I realize that a lot of liberal organizations don’t pay their interns or, in the case of groups like Ralph Nader’s, pay them sub-minimum wage through legal loopholes. But the University of California already fired 500 people to account for the minimum wage. Even the dumbest Democrat can do math. And Hillary Clinton is many things, but she’s not dumb. They must know, on some level, that this is going to be bad. They just Don’t. Fucking. Care.
But it’s worse. As McArdle points out in the link above, Clinton is proposing to pay for all this stuff with the usual litany of Democratic tax hikes: raising rates, eliminating the Social Security cap, closing the “carried interest” loophole, etc., etc. She’a also proposing to eliminate almost all tax deductions for the rich (which will produce 100+% marginal rate in some income brackets). But:
For while it is true that these programs are paid for, that doesn’t mean that the budget math is sound. The government’s spending capacity is, in the end, limited, and every dollar that you spend on one thing is a dollar that cannot be spent on something else. Virtually all of Clinton’s “pay fors” are concentrated on a relatively small number of affluent-to-rich people, and because of that, they represent a large cut of those incomes; if she managed to enact all of her plans, her top bracket would be inching close to a marginal tax rate of 50 percent before you factor in state and local taxes that can easily add another 10 percentage points to that figure.
Even if you think that it would be politically possible to extract taxes at those levels, and that you could do so without causing any unwanted economic side effects, the question remains: What do you do for an encore? After enacting Clinton’s agenda, America will still need to fix Medicare, Social Security, state and local pensions, the disability insurance program, and so forth. And given that Democrats have proven as unwilling as Republicans to raise taxes on the middle class, where are we going to get the money?
I’ve said this many times and I will keep repeating it until it sinks in: you can’t fund a welfare state by taxing the rich. There simply isn’t enough money. European welfare states aren’t funded by the rich. They’re funded with massive taxes on the middle class.
The United States has one of the most progressive tax systems in the world, being very reliant on the wealthy for revenue. The European welfare states, by contrast, are more regressive, having flatter taxes and relying on VATs and sales taxes that are regressive. They have to be that way because you simply can’t finance a welfare state by taxing the 1%.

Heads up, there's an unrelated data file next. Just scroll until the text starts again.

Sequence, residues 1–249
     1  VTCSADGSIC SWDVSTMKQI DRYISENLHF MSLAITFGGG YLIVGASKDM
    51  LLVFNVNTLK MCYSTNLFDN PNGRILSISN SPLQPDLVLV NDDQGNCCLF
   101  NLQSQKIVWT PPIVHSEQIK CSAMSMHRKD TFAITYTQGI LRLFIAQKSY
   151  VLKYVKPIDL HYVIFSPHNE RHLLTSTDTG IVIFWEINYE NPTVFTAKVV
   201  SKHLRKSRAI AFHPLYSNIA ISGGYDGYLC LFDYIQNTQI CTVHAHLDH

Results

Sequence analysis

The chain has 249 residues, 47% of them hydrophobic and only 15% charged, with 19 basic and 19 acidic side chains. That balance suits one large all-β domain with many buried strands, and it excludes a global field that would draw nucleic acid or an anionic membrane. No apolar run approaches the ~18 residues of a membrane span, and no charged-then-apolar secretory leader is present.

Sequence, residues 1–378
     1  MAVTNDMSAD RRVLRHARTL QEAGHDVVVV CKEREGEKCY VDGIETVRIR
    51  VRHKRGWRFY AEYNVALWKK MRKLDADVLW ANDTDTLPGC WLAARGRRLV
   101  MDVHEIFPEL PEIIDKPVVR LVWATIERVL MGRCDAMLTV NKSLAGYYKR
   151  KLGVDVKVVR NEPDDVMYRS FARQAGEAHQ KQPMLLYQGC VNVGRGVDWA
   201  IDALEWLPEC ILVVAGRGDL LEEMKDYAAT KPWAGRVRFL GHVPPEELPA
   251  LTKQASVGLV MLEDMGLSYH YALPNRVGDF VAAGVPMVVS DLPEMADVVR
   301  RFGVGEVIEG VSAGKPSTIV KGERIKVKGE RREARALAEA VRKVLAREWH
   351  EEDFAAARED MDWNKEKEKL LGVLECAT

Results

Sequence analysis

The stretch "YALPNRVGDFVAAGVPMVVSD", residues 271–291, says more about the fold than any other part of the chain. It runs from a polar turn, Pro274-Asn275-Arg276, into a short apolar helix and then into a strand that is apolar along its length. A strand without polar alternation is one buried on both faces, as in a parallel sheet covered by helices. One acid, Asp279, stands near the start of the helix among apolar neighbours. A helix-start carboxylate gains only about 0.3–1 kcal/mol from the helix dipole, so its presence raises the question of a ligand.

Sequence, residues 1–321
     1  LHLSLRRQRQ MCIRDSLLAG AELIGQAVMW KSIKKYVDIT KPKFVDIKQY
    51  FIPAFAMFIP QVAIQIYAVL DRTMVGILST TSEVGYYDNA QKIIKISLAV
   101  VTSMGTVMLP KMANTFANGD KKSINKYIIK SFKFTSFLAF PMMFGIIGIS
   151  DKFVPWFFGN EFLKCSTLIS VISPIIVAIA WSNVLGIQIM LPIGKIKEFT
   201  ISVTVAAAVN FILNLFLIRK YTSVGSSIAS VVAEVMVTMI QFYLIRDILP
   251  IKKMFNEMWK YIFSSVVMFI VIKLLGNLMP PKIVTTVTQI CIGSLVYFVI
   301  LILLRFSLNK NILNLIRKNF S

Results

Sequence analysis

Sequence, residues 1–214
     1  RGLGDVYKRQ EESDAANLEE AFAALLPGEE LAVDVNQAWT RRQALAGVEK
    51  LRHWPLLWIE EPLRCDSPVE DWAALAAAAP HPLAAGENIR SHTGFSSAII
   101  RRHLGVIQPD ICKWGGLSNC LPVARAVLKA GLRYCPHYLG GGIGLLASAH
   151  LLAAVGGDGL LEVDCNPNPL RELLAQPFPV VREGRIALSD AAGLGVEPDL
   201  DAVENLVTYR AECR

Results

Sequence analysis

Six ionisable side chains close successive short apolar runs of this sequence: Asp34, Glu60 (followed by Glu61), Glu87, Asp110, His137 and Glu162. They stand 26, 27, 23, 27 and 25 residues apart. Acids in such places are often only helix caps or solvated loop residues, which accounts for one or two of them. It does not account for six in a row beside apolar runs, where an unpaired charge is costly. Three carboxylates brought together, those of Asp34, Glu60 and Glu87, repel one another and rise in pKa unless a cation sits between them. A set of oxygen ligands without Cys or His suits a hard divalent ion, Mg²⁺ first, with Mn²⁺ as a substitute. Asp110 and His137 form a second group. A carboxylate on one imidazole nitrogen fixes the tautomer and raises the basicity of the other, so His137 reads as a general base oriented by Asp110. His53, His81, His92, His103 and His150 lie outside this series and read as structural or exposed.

A welfare state financed by the rich doesn’t even work politically. When everyone is paying taxes, there is more support for a welfare state because everyone is pitching in. The perception is that you’re getting out something related to what you paid in, which is why Social Security and Medicare are popular in this country (both financed by a regressive tax that is denounced by Democrats for not soaking the rich enough). But a system that is dependent on taxing the rich isn’t a welfare state, it’s a plunder state. And as I’ve pointed out before, most people don’t want that. They don’t want to feel like they’re living on someone else’s dime or on stolen property. The Communists discovered this 70 years ago when they tried to “redistribute” estates to the commoners only to discover that the commoners didn’t want that wealth if it was stolen.
But proposing to fund this garbage through a middle-class tax hikes would be political suicide. So — in a situation where we are already half a trillion in deficit, have $19 trillion in existing debt and have trillions of dollars in future unfunded liabilities — the Democrats are proposing to burn our last few sources of revenue on a series of brand new will-o’-the-wisp social spending programs.
(Yes, yes, we once had marginal tax rates of 70%. And we also had a huge number of exemptions. No one ever paid that rate. We are very close the practical limit on marginal rates.)